Email. It’s an immensely powerful tool that helps you function as an employee. It connects you with customers, helps you plan your day, and lets you collaborate with colleagues. It also isn’t private, isn’t yours, and can be opened up and read by anyone in the business if it happens to be a corporate account. As Nicol Myburgh, Head: CRS Technologies HCM Business Unit, points out – it isn’t necessary for the boss to read your email, it also isn’t very nice, but they are well within their rights to do so.

“When an email account, or any form of office productivity software or platform, belongs to the company for employees to use, then the content within those platforms and accounts belongs to the business,” he explains. “Anyone who is so authorised in the company is allowed to monitor those emails and employees can’t have any expectation of privacy at all.”

This is a point of contention. After all, most people assume that what they write is personal and private, and so often use email to connect with friends and family. It’s entirely normal for people to use their emails across both personal and professional layers and often they can share intensely private information that they don’t want anyone to know. Yet, the boss can read these emails and potentially use the information in them to fire someone, discipline them or give them a warning.

“It’s advisable to always keep personal and professional communication as separate as possible,” says Myburgh. “This applies to WhatsApp as well – companies can monitor and read business channels so any messages sent here can be used by managers to assess performance or employee behaviours.”

As more and more companies embrace a work from home or hybrid working framework for employees, there has been an increase in the use of monitoring software that’s installed on an employee’s machine to track and see if they’re working. Keystroke monitoring, webcam monitoring, email and social monitoring – these are all tactics used by companies to make sure that people aren’t spending their time watching TV instead of working. However, these can be an invasion of privacy – as Myburgh points out, if a person sends a private email using a private service like Gmail, and this email is monitored, that would be a contravention of that person’s privacy.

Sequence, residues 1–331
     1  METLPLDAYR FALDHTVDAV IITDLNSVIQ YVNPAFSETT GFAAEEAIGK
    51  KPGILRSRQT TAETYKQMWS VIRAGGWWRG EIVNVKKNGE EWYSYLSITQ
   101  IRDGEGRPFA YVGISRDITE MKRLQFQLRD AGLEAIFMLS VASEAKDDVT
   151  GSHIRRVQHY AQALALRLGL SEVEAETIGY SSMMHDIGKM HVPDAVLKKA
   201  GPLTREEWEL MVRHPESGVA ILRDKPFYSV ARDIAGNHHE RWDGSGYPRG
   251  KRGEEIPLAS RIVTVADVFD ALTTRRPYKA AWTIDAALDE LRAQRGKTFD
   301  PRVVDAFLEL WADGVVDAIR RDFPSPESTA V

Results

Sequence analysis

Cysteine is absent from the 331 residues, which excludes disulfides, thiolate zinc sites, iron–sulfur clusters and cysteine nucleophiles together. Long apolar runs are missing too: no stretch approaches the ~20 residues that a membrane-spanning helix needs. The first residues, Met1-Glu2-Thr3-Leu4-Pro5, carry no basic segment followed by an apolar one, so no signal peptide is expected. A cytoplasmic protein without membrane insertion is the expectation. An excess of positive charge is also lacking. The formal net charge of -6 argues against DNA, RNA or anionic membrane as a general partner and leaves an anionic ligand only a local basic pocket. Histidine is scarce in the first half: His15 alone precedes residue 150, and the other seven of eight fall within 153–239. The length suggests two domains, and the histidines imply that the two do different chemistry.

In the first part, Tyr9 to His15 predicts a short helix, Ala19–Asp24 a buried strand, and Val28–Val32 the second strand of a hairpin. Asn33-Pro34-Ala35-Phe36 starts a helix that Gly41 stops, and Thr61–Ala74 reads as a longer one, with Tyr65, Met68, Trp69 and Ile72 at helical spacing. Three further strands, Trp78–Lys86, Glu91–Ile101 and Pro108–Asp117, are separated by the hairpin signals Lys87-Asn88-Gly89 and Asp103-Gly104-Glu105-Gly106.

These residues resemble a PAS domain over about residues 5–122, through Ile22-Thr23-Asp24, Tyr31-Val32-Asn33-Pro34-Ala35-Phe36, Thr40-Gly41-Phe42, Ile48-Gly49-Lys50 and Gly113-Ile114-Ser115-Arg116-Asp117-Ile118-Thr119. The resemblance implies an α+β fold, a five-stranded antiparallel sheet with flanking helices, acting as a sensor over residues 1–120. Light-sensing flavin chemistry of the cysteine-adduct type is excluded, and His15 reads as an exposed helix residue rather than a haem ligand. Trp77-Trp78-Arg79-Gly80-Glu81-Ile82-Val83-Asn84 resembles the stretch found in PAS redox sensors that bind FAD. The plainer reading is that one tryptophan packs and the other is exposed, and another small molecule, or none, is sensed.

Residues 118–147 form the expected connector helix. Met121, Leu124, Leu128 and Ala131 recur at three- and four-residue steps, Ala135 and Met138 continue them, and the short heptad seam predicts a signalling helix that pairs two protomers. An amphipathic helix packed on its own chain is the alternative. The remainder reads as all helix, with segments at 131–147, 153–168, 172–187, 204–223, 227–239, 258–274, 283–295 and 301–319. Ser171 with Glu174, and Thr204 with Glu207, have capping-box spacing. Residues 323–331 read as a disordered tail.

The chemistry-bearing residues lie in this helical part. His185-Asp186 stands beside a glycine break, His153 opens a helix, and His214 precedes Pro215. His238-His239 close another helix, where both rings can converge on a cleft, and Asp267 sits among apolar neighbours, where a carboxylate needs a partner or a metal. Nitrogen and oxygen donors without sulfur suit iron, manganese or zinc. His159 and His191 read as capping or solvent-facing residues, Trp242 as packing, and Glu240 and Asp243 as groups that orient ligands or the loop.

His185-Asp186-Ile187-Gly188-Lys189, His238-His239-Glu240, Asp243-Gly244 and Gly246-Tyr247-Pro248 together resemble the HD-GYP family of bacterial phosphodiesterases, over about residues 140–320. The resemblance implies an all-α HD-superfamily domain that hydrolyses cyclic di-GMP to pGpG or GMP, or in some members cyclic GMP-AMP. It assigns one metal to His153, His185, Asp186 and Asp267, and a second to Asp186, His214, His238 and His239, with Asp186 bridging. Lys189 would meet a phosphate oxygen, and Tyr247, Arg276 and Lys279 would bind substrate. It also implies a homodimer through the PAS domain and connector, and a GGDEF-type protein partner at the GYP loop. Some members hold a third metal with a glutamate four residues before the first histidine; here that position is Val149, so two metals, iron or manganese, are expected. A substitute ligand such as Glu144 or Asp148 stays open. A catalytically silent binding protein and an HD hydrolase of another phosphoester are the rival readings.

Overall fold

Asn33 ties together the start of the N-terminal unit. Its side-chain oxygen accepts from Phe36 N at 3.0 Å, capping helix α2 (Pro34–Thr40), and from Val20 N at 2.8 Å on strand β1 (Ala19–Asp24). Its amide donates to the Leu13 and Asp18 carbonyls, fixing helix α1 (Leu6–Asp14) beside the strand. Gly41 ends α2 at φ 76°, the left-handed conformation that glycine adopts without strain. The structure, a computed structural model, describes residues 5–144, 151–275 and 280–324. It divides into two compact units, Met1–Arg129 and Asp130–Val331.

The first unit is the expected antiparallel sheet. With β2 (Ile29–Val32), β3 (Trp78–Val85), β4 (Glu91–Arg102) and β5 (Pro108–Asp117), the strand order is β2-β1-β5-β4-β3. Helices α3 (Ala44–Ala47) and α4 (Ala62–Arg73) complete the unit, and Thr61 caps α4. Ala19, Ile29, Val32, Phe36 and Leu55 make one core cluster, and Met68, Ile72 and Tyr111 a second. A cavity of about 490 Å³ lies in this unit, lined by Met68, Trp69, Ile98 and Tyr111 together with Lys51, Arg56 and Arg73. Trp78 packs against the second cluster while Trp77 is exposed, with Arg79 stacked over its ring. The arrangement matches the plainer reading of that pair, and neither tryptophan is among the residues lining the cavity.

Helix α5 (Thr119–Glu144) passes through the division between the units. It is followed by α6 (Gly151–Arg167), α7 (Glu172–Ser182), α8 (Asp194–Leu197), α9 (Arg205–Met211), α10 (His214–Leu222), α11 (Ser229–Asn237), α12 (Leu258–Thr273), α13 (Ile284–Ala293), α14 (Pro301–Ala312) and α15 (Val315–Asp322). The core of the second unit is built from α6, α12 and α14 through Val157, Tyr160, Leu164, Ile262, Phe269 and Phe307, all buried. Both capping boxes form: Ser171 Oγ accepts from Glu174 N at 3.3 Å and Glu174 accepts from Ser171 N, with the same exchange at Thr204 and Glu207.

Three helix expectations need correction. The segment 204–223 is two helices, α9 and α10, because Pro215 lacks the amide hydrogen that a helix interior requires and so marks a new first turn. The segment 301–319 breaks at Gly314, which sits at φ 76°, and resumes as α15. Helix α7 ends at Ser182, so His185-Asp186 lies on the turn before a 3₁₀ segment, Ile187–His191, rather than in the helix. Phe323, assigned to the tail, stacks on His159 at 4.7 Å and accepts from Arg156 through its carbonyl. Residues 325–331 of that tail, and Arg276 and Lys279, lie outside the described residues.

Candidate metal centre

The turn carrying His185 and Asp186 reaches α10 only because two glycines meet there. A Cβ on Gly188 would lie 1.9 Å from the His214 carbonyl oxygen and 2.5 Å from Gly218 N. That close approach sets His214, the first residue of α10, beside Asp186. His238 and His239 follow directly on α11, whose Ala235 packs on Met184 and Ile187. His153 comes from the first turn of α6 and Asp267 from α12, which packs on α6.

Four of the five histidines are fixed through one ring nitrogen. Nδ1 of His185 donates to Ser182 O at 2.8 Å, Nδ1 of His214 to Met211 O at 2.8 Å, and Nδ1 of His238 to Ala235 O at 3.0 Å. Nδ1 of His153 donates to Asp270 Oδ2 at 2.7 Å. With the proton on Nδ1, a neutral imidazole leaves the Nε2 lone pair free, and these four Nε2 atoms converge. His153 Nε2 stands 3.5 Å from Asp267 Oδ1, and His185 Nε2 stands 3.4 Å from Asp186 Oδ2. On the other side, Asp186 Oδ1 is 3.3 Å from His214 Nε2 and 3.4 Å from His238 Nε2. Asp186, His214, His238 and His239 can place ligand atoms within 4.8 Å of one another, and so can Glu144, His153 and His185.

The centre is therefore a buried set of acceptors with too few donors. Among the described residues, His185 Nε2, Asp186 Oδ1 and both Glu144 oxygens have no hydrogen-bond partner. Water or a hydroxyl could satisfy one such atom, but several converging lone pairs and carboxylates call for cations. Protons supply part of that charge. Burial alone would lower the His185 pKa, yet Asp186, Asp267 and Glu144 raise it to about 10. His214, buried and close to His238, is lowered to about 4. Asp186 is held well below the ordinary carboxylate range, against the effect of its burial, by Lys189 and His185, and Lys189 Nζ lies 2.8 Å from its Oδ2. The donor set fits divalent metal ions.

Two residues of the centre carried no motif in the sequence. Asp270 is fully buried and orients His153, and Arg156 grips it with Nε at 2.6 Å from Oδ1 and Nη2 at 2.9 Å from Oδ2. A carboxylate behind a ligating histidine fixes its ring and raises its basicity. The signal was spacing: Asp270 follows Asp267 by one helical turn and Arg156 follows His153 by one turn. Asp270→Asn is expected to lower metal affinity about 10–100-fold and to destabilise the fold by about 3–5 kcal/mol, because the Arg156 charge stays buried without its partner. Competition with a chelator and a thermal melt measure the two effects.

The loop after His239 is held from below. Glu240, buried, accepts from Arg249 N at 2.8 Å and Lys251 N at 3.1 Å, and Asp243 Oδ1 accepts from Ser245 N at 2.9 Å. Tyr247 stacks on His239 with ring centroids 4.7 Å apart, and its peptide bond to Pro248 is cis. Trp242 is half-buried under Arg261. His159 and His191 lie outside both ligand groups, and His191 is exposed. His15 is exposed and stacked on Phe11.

“The problem is, there remains a grey area around what’s legal or illegal when it comes to tracking people’s computer usage or using their webcams to watch them when those people are using company property,” says Myburgh. “This is still being debated and some companies are firmly for it, while others find it creepy and an illegal contravention of privacy. It’s just important that people pay attention to what their company expects from them and make choices based on what they’re comfortable with.”

There is also the risk of private emails being used to dismiss someone. If the boss reads an email on the work account and it contravenes company policy, that person can be fired or disciplined. It will depend on what the email says – defamation against the company, attacks on a person’s character, abusive content – this type of content puts the employee at risk and the manager well within their rights to implement proceedings.

“There will always be grey areas, especially as companies and employees learn to navigate these new ways of working on digital platforms, but the rule of thumb is to use the POPI Act as your guiding light and be respectful on all company platforms to avoid unpleasant outcomes,” concludes Myburgh.

For more information, go to: